Rishi Sunak to meet supermarket bosses and farmers as food inflation hits record high
Prime Minister Rishi Sunak is set to meet with farmers and supermarket bosses to discuss the demands of the National Farmers’ Union (NFU) and boost home-grown food production.
According to The Grocer, the meeting will focus on the relationship between farmers and the UK’s leading supermarkets in an effort to better support farmers and increase the country’s food security.
Originally scheduled for later this year, the meeting was moved forward due to the growing levels of inflation.
Last month, food inflation hit a new record high as the average price of food and non-alcoholic beverages rose by the largest margin in over 45 years.
The latest BRC-NielsenIQ shop price index showed food prices rose by 15.7 percent, and fresh food prices increased by 17.8 percent year-on-year.
The NFU is calling for the government to support home-grown food production and reduce reliance on imported food, which has become more expensive due to supply chain disruptions and currency fluctuations.
The union also wants the government to invest in the development of sustainable farming practices that can support the country’s food security in the long term.
The meeting comes as the UK’s agriculture industry faces a range of challenges, including Brexit-related uncertainty, labour shortages, and climate change.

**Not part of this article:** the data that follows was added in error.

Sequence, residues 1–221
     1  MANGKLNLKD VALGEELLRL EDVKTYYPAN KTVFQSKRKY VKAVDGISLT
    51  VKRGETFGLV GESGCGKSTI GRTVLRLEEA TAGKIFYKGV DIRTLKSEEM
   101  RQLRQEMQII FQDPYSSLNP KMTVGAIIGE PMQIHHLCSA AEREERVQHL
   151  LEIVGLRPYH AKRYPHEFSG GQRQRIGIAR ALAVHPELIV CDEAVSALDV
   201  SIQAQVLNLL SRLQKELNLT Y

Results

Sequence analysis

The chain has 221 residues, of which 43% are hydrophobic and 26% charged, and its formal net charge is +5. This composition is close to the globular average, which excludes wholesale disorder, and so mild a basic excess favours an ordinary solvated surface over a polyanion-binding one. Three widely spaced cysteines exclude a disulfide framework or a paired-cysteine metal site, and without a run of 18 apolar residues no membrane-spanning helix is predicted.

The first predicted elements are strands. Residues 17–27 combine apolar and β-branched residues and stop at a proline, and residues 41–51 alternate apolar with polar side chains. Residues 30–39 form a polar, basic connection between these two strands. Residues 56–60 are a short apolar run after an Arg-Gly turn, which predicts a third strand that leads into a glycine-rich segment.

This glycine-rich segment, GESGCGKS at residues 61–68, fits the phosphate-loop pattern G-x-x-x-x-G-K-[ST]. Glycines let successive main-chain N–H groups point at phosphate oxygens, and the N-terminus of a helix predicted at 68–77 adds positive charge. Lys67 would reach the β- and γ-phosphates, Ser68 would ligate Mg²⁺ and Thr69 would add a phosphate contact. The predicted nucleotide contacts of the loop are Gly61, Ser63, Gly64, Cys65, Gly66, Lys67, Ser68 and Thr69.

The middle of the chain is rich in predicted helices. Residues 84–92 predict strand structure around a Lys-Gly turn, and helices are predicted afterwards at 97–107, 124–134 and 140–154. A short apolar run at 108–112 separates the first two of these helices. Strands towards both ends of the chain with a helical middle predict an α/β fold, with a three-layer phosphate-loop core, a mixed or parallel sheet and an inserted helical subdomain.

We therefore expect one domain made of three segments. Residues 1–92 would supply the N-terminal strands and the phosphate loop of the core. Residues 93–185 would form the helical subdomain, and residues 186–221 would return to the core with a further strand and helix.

The NFU has warned that without government support, the industry will struggle to meet the country’s food needs and maintain its international competitiveness.
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Retailers, meanwhile, are grappling with a range of supply chain issues that have contributed to rising food prices.
The pandemic has disrupted global trade, causing shortages of some goods and driving up the cost of others.
In addition, labour shortages and disruptions at ports have made it difficult to move goods around the world, leading to higher transportation costs.
Despite the recent spikes in food prices, there are some signs that they may be starting to ease. Retail experts predict that food prices will drop in the coming months as wholesalers cut their prices and other cost pressures begin to filter through.
However, it remains to be seen whether these declines will be enough to make a significant dent in the current inflationary trend.